Davey welcomes red tape cut for smallest companies
Submit Articles Back to Articles
on 30 May 2011 - BIS
Business Minister Edward Davey today welcomed an agreement on
new, simpler accounting rules which will benefit up to 1.5 million
small British companies, during a regular meeting of Business Ministers
from across the EU in Brussels.
Small companies, or
micro-entities, form the backbone of the British economy but have
limited resources to comply with the same accounting requirements as
larger companies. The agreement reached today will exempt these
companies from some obligations, potentially saving between £150-300
million per year in reduced administrative costs.
Mr Davey said:
“I greatly welcome the
progress made today in Europe to simplify the accounting rules for our
smallest companies. This is a significant step in reducing red tape and
a clear signal that we will take action to stop our smallest companies
being held back by excessive regulation.
“I believe this shows what
can be achieved by a positive and constructive engagement with the
European Union - the first ever exemption for micro-entities from an
existing EU directive. We now need to build on this breakthrough and I
hope that further improvements can be agreed before the proposal
Member States will now
discuss the measures with Members of the European Parliament, who must
also give their approval before the new rules can enter into force.
- Edward Davey was attending the Competitiveness Council on
Monday 30 May 2011 in Brussels.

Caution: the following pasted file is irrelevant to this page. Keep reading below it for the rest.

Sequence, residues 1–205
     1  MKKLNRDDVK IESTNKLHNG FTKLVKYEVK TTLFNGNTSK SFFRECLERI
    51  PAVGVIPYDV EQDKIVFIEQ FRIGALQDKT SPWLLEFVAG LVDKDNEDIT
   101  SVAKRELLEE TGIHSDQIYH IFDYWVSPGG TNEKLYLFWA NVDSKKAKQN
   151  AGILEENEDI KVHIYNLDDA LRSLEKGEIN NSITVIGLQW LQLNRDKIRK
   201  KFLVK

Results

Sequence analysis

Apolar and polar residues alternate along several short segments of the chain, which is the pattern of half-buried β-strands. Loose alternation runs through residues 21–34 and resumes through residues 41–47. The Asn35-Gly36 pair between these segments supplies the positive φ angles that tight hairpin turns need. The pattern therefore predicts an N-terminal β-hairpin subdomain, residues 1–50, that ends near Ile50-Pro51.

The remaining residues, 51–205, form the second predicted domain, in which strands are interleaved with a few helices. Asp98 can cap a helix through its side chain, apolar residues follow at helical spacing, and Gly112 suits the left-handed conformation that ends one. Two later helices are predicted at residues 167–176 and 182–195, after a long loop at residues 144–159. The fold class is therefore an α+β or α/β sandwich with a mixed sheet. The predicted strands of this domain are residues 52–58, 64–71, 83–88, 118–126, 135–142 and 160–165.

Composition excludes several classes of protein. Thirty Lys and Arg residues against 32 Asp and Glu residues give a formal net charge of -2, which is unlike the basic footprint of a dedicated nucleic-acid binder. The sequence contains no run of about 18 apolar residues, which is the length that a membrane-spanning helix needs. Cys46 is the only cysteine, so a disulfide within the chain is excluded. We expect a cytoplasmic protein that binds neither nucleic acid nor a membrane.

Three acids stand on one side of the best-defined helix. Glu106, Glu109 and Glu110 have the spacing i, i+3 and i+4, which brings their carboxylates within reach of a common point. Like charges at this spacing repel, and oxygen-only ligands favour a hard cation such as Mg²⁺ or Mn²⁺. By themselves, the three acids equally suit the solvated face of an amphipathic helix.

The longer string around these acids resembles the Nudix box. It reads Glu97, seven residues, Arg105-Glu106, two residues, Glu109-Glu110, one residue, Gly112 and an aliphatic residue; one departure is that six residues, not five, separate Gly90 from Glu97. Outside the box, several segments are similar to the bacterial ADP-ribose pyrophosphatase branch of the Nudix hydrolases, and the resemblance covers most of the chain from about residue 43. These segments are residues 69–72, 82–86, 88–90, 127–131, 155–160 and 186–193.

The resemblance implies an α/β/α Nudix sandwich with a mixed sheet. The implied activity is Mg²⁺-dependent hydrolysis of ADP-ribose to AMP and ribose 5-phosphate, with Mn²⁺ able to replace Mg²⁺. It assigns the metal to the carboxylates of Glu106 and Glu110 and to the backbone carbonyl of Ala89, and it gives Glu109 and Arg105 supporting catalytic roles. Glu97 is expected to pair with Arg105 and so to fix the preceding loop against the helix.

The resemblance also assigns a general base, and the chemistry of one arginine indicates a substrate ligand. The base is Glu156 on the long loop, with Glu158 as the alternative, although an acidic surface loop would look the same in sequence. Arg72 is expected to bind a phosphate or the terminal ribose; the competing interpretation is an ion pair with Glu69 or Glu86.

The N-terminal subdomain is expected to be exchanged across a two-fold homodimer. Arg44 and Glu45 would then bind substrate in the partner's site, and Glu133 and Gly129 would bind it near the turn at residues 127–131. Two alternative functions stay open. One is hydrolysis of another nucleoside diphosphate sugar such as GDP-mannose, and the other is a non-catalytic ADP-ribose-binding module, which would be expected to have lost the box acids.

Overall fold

- The agreement introduces a new category of companies called
‘micro-entities’. A company can be defined as a micro-entity if it does
not exceed the limits of two of the following three criteria: a balance
sheet total of €250,000, a net turnover of €500,000 and an average
number of 10 employees during the financial year in question.
- The agreement simplifies the rules for the profit and loss
account and balance sheet reporting requirements. Member States will be
provided with the flexibility not to require publication of these
accounts. Simplified balance sheet information will still need to be
filed at Companies House.
- The European Commission first introduced a proposed
Directive that would give Member States the option to exempt
micro-entities from the 4th Company Law
Directive in 2009. Today’s agreement follows a long period of
negotiation and reflects the UK’s commitment to delivering this
- Final agreement of the package requires a vote of the
European Parliament, which has strongly supported the objective to
reduce administrative burdens on very small companies.
- In March the government announced businesses with fewer
than 10 employees would be granted a moratorium from new domestic
regulation for three years, and also announced a public audit of almost
22,000 statutory instruments currently on the statute book.
About the Author
© Crown Copyright. Material taken from the BIS Department for Business, Innovation and Skills. Reproduced under the terms and conditions of the Click-Use Licence.
Follow us @Scopulus_News
Article Published/Sorted/Amended on Scopulus 2011-06-03 12:30:45 in Business Articles